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After a pause imposed by the coronavirus-related lockdown, the L-DIH Talks are back again, now as a series of webinars that will run weekly until the beginning of June. The session on 23 April focused on agile organisations. “When you innovate, it is very difficult to predict the results,” said Sylvain Chery, co-founder and director of Agile Partner. “Businesses need to build capabilities to experiment and learn what works for them.” He put forward five key points to successfully achieve this:

  • Companies should build cross-functional, creative delivery teams whose members have different skillsets and the ability to think outside the box;
  • the teams should be enabled to select the right digital tools and technologies;
  • customers should be included so that the teams can understand their true needs;
  • teams should be autonomous and empowered to explore new things; and
  • iteration is crucial. Companies should not wait to go to market until their product is perfect, but try it out as early as possible to get feedback and improve step by step.

Flexible teams

Flexible structures with flexible teams are needed, but this is not always easy to achieve in large organisations that have already existed for some time. However, it is not impossible. Martin Akar, manager of MHP Management und IT-Beratung GmbH – a subsidiary of Porsche MHP – shared the example of “Audi Denkwerkstatt”, an agile structure set up by Audi to contribute to the company’s future viability as a premium mobility provider. While the core organisation of Audi is a highly structured and stable car manufacturer, the role of the Denkwerkstatt is to function as a highly flexible digital ecosystem that defines and explores new ideas and concepts.

Agile teams should have a clear mandate and focus on work that is of high relevance to the core organisation.

Located in Berlin – a hotspot for mobility innovation – it consists of a permanent team of 9 that invites members of the core organisation to join them for 6-month periods. “Instead of forcing the agile methodology on the whole organisation, the opportunity of being part of the Denkwerkstatt is seen as a privilege,” Mr Akar pointed out. “When the employees return after their spell in Berlin, they become ambassadors for the new approach that they have learnt.” He underlined that both the stable core organisation and the digital ecosystem are needed, and neither is superior to the other. “However, the agile teams should have a clear mandate and focus on work that is of high relevance to the core organisation.”

Agile learning to drive business performance

Agile teams are crucial for companies to be able to adapt and survive in a socio-economic environment that has become quite unstable and unpredictable. A key factor is agile learning, argued Sylvain Cottong, co-founder of The HOW Institute. “Scalable learning is replacing scalable efficiency as the single most important parameter for organisational performance and resilience,” he said. The ability to learn faster than competitors has become an essential success factor.

“It has been proven that on-the-job learning is more efficient than formal learning,” said Mr Cottong. “Agile learning can have different formats, both digital and non-digital. Learners can define individual curricula that meet their needs and then learn autonomously.”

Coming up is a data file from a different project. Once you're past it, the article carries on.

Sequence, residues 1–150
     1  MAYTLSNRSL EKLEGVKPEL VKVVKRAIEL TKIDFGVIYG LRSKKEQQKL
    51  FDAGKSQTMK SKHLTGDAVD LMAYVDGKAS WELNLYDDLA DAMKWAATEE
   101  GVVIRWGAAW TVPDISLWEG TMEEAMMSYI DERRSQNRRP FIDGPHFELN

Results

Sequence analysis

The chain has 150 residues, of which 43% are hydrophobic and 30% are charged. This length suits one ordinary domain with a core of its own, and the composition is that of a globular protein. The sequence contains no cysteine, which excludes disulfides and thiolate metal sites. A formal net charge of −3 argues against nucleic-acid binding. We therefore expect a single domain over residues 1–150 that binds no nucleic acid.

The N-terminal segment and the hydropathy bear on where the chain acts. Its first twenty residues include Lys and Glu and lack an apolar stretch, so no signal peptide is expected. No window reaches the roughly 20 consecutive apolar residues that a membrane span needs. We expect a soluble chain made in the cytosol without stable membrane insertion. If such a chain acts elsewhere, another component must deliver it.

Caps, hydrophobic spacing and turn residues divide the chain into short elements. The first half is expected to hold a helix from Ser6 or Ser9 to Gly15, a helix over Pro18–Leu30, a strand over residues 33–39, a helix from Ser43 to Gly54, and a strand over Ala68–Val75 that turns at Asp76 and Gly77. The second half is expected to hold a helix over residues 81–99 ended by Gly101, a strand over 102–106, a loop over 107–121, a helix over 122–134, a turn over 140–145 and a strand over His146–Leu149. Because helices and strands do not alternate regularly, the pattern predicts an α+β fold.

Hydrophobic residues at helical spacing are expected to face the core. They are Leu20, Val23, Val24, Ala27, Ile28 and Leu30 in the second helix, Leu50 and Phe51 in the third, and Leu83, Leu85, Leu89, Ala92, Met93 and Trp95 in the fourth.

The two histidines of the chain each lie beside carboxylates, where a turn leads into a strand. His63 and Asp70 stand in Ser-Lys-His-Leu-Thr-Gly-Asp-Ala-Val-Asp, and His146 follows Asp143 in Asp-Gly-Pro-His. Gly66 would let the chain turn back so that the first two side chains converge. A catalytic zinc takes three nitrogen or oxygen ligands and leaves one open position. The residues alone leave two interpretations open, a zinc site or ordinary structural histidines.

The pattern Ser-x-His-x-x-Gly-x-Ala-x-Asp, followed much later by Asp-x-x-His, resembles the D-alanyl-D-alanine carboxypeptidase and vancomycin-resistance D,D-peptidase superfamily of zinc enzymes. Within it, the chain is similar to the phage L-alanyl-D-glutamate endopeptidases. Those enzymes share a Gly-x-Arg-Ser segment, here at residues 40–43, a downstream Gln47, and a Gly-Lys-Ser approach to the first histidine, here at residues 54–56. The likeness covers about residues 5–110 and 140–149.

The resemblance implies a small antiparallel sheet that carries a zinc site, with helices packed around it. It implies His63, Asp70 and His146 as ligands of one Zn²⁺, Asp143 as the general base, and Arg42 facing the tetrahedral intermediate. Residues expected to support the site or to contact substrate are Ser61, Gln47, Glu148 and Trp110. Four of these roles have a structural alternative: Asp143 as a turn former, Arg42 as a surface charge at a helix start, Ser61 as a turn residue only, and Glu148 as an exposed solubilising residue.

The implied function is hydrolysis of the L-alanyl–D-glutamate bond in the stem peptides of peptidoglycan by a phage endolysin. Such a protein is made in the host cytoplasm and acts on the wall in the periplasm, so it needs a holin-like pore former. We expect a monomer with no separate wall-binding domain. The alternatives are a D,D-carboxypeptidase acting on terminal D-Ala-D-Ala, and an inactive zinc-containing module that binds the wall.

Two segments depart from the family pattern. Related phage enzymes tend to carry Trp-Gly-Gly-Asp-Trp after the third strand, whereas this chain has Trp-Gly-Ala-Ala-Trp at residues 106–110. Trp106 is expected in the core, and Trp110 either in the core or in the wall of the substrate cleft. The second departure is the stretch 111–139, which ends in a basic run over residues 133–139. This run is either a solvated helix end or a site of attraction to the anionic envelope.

Adapting to innovation: the case of Guala Closures

The L-DIH Talk was concluded by Piero Cavigliasso, Group Innovation Technology Director of Guala Closures Group, a world market leader in the production of aluminium and “non-refillable” bottle closures. A few years ago, the company started to develop a completely new concept of closures, namely connected caps containing a chip that links them to a digital platform via radio-frequency identification (RFID) technology. Using their mobile phones, clients can authenticate their bottles and get advice on optimal storing and consumption. This also allows producers to obtain data from their clients. “Introducing this new technology also opened the door for introducing new business models based on digital marketing, consumer engagement, tracking and tracing,” explained Mr Cavigliasso.

This great new opportunity also brought challenges. “We made a big effort to develop the Internet of Things platform to which the smart caps should be connected with support from external consultants, but this was new and outside our core competence. In the end, we found that outsourcing was a much better solution and actually became shareholders in a start-up specialised in this field.”

Introducing this new technology also opened the door for introducing new business models.

The second major challenge was the dialogue with the clients regarding this radical innovation. “Our sales force had serious difficulties in explaining the new products to clients, and we also realised that we were interacting with the wrong contacts on the client side,” says Mr Cavigliasso. “The first time I had a meeting with a client’s digital acceleration manager instead of the usual purchase manager, everything changed! Once we started to talk with the right people, who understood what value our product could bring to their organisation, we were able to start working efficiently. In less than 18 months, we could start producing large volumes of connected caps and bottling with them at our clients’ premises.”

He underlined that introducing such a new mindset in an organisation takes time. “We are organising training for all our sales representatives to help them go out of their comfort zone and sell this completely new product. We have also had to employ new people with the rights skills, on both the sales and the R&D side,” Mr Cavigliasso concluded

 

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